Two early perennial ryegrass varieties (Cropper and RvP Hay Pasture), an intermediate perennial ryegrass (Talbot) and an early cocksfoot (Roskilde) were grazed fortnightly by sheep, mown to simulate grazing or left undefoliated from January to May. The effects of spring management on ear emergence, D‐value (in vitro) and conservation yields were assessed in each of the 2 years 1976 and 1977. Grazing and mowing had a similar effect on date of first (5%) and 50% ear emergence of the ryegrass varieties; the effect was an average delay of 2 d in both stages of growth over the 2 years. Defoliations significantly (P<0·001) delayed the fall in D‐value with no significant differences between grazing and mowing in the ryegrass varieties, nor in cocksfoot in 1977. The occurrence of a D‐value of 67 was delayed by between 3 and 8 d for the ryegrasses and 9 and 11 d for the cocksfoot. The early ryegrasses produced stemmy regrowths and fell to 67 D‐value about 4 weeks after the final defoliations in 1976 and after 5–6 weeks in 1977. The fall in D‐value took 7–14 d longer in the intermediate ryegrass. Yields were significantly (P < 0·001) reduced by grazing and mowing, particularly in 1976. The DM yield reductions in mid June averaged 25% for the ryegrasses and 41% for the cocksfoot. The results indicate that either first or 50% ear emergence may be used to indicate times when a D‐value of 67 will be reached in grazed or ungrazed swards but further work is required to determine the effect of weather conditions on the accuracy of this prediction. An early fall in D‐value of early perennials after spring grazing, and a marked reduction in yield of cocksfoot, suggests that these grasses should be used sparingly where spring grazing of fields set aside for conservation is a feature of the farming system.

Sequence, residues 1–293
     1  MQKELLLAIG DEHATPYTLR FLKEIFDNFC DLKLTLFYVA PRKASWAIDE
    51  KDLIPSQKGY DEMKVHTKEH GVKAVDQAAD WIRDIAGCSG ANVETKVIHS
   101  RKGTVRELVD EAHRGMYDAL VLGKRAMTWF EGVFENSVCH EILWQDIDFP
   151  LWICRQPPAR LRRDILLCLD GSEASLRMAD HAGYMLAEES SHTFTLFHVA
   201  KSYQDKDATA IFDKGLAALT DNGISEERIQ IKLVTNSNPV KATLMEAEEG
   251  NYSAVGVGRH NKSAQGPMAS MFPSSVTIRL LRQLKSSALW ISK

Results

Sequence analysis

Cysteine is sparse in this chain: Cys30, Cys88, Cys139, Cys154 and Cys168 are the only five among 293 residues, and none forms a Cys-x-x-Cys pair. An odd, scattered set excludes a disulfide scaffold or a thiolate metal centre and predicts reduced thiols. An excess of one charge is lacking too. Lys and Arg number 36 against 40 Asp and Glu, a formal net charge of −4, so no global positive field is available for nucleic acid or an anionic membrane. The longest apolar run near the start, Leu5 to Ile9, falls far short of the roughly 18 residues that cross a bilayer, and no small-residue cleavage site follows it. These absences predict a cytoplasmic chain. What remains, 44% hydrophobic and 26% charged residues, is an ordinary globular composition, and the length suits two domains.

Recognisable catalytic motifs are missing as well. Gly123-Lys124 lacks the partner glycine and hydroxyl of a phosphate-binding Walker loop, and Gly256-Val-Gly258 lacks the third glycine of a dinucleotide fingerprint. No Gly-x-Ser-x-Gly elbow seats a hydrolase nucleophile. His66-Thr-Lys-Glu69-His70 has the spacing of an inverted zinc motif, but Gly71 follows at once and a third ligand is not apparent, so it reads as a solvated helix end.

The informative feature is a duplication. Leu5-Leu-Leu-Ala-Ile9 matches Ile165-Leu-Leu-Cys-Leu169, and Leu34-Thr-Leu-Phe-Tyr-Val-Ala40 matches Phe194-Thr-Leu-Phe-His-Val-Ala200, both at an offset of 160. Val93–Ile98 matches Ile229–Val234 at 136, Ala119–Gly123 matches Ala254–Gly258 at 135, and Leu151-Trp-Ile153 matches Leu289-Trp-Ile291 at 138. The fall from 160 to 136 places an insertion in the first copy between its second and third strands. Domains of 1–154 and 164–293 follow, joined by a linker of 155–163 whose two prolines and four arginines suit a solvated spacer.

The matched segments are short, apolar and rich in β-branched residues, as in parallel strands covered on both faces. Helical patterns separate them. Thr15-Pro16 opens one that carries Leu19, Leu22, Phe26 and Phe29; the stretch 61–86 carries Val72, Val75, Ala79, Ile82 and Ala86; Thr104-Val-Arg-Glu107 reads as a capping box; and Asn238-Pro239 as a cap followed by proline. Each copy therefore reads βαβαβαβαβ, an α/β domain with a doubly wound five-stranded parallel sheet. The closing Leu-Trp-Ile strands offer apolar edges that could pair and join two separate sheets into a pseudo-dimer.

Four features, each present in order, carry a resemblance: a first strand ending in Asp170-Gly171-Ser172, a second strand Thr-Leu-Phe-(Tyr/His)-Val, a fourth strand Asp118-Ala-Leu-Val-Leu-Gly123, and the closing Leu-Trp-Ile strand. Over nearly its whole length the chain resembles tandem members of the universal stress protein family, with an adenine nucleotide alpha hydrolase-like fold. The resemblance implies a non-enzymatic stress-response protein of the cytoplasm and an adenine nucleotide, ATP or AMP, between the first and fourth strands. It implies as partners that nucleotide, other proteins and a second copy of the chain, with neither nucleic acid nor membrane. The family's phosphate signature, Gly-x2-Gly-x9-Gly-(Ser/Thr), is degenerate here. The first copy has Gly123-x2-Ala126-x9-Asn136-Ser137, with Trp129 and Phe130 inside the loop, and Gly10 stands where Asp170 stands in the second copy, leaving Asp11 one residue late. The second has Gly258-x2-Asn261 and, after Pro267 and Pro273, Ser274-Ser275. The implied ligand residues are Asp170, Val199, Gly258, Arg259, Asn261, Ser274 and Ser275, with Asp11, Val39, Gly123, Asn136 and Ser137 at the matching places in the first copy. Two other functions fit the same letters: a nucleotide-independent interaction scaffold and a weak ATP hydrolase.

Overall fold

|Number of pages||9|
|Journal||Grass and Forage Science|
|Publication status||Print publication - Dec 1980|